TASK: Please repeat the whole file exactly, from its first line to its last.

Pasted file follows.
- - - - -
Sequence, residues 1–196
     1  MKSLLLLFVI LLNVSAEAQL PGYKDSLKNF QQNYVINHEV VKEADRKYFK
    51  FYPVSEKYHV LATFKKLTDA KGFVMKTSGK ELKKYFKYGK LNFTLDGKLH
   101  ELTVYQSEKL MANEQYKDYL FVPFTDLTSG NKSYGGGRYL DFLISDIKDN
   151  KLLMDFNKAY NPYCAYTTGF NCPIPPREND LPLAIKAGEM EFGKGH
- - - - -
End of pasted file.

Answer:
Sequence, residues 1–196
     1  MKSLLLLFVI LLNVSAEAQL PGYKDSLKNF QQNYVINHEV VKEADRKYFK
    51  FYPVSEKYHV LATFKKLTDA KGFVMKTSGK ELKKYFKYGK LNFTLDGKLH
   101  ELTVYQSEKL MANEQYKDYL FVPFTDLTSG NKSYGGGRYL DFLISDIKDN
   151  KLLMDFNKAY NPYCAYTTGF NCPIPPREND LPLAIKAGEM EFGKGH